I have been a corporate portrait photographer for longer than I care to remember and have noticed that over recent years we are receiving less commissions for corporate portraits and more for corporate headshots. The majority of clients require a profile photo on a white background and often their request asks for something simple and without too many studio lights. This gives us very little to work with as they are basically wanting a passport photo but taken on a decent camera. This seems a real shame as a decent corporate portrait can portray your personality and suggest success and professionalism.

The term headshot originated in the US and was originally associated with actors. These were sometimes very creative shots that used lighting and background to create powerful portraits. Early website pages with ‘meet the team’ headshots were often taken against a bright blue or mottled studio background and did nobody any favours. These were often the colourama rolls which studios had lying around and after a while became standard for plenty of large US corporates. To this day I still get sent sample headshots that I need to match which feature these backgrounds.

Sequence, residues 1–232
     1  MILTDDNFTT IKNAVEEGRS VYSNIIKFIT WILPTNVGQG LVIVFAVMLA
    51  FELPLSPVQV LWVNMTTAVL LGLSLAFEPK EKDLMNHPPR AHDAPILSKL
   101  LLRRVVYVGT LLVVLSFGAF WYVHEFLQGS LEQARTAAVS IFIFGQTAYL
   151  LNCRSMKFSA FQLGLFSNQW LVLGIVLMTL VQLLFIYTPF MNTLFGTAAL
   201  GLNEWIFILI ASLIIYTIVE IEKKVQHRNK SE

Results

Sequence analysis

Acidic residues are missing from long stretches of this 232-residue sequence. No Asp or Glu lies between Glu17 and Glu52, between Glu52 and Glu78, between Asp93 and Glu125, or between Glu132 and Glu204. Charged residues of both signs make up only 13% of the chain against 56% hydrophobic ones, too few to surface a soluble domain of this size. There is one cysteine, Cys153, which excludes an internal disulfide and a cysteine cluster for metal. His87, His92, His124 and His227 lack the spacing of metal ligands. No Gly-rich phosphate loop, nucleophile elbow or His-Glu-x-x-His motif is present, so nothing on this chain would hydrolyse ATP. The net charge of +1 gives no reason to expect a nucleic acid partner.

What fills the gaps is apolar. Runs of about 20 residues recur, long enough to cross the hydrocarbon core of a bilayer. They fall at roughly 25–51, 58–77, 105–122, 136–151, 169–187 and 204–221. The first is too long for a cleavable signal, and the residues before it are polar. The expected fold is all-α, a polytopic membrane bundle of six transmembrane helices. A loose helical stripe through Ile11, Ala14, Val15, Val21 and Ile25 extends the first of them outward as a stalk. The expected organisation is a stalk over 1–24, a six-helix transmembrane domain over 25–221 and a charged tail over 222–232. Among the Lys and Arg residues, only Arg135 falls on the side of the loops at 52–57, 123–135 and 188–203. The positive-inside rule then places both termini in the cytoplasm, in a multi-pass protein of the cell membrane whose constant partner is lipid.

In the past corporate portrait photography was commissioned mainly for magazines, annual reports and company brochures. People had the perception that this was required for this media but a website headshot could dispense with the quality and creativity associated with a portrait. Their has been a gradual change to using a corporate portrait. We have seen an uplift in requests recently and the understanding that your LinkedIn profile is your professional online CV and the photo will be the first thing people look at.

Here are some samples and we can look at how they benefit the individual.

Corporate Portrait Photography